Rituals, repertoires, and performances in postmodernity

A cultural-sociological account

Authored by: Ronald N. Jacobs

Routledge Handbook of Cultural Sociology

Print publication date:  October  2018
Online publication date:  November  2018

Print ISBN: 9781138288621
eBook ISBN: 9781315267784
Adobe ISBN:

10.4324/9781315267784-33

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Abstract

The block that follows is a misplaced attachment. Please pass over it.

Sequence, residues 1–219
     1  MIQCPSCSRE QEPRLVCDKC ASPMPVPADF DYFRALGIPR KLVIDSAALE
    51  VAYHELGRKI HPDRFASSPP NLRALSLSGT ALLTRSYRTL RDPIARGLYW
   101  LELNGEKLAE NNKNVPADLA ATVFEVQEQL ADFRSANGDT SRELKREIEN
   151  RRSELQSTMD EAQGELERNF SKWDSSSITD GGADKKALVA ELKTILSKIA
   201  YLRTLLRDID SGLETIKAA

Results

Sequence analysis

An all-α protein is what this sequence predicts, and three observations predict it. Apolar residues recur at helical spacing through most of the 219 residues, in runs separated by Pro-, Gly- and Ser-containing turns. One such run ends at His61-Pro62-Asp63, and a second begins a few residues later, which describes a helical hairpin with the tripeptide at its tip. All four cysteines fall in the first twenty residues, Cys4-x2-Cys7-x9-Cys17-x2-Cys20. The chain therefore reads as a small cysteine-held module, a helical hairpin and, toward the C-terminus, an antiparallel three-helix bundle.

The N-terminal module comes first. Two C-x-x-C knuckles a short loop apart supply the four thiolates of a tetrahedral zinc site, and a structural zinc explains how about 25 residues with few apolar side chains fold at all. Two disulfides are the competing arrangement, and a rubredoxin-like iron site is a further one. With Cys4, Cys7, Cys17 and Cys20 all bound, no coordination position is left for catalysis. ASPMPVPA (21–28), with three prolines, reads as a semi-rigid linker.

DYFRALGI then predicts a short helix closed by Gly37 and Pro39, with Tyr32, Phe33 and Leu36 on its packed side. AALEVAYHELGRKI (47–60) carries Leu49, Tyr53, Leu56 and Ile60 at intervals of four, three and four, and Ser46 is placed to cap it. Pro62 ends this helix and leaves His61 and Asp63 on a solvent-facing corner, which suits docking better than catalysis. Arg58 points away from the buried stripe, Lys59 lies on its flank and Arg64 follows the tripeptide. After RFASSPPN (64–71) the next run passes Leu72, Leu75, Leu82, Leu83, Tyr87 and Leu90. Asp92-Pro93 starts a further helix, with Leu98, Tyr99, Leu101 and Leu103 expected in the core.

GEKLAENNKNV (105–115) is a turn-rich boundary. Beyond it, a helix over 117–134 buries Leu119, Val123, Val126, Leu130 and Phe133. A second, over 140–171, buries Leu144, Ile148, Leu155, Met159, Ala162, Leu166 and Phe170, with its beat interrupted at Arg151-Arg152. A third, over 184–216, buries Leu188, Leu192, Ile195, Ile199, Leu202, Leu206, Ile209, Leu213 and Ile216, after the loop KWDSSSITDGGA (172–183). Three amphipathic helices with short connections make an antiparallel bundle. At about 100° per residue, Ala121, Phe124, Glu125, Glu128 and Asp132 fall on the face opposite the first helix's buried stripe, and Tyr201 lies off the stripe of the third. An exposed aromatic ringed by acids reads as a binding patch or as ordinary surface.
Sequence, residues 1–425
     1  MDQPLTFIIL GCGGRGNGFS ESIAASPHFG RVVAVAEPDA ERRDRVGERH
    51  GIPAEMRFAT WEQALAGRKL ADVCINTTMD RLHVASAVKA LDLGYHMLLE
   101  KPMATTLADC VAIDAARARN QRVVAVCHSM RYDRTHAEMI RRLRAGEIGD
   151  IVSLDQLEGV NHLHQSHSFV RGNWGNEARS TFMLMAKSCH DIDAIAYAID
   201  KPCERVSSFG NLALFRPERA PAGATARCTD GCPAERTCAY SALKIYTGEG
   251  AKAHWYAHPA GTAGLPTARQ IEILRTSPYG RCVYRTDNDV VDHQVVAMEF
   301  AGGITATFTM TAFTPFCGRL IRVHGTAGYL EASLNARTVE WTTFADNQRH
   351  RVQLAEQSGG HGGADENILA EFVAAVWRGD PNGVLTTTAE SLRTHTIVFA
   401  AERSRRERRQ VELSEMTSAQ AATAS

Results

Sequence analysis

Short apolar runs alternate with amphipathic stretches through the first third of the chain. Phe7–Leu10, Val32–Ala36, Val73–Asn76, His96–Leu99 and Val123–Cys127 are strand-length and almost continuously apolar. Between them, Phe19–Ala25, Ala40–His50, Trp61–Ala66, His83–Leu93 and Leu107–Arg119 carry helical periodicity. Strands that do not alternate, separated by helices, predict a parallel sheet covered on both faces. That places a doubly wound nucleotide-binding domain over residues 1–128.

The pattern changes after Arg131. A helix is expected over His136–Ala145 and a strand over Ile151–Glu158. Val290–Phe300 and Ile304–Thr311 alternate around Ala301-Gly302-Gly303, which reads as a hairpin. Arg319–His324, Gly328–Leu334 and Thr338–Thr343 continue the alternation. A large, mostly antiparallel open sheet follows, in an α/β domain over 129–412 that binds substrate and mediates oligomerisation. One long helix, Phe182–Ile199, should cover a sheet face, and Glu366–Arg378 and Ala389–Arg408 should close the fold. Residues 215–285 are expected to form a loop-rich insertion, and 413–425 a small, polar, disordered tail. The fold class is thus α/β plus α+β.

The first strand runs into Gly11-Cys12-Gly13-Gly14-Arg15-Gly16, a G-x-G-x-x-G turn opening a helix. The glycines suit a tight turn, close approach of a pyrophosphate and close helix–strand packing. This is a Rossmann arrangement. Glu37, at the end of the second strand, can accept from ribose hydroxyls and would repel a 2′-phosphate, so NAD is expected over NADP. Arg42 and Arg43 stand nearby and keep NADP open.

The study of ritual has been central to cultural sociology since its earliest days. While Durkheim’s theory has been the main reference point for the study of ritual, more recent approaches have emphasized contingency, strategic action, and historical contingency. This chapter reviews these recent developments, focusing specifically on the work of work of Swidler, Bourdieu, Collins, and Alexander. Swidler and Bourdieu emphasize how ritual events facilitate strategic action as well as social integration. Collins and Alexander focus on the contingency of the ritual event, attempting to explain why some rituals are more successful than others. Using the 2016 Olympic Games as an empirical case, the chapter considers the relative advantages and disadvantage that each approach offers for the cultural sociology of ritual events.

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